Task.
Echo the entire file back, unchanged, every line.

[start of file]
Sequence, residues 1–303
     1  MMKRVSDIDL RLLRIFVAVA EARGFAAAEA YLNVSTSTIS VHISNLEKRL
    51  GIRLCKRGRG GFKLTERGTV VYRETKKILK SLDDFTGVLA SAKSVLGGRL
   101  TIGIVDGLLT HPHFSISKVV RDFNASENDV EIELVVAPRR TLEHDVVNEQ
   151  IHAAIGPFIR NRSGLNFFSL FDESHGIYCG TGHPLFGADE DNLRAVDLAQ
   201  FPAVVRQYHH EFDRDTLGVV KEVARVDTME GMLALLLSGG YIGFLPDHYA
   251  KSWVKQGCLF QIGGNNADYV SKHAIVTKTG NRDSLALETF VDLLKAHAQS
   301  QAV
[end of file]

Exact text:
Sequence, residues 1–303
     1  MMKRVSDIDL RLLRIFVAVA EARGFAAAEA YLNVSTSTIS VHISNLEKRL
    51  GIRLCKRGRG GFKLTERGTV VYRETKKILK SLDDFTGVLA SAKSVLGGRL
   101  TIGIVDGLLT HPHFSISKVV RDFNASENDV EIELVVAPRR TLEHDVVNEQ
   151  IHAAIGPFIR NRSGLNFFSL FDESHGIYCG TGHPLFGADE DNLRAVDLAQ
   201  FPAVVRQYHH EFDRDTLGVV KEVARVDTME GMLALLLSGG YIGFLPDHYA
   251  KSWVKQGCLF QIGGNNADYV SKHAIVTKTG NRDSLALETF VDLLKAHAQS
   301  QAV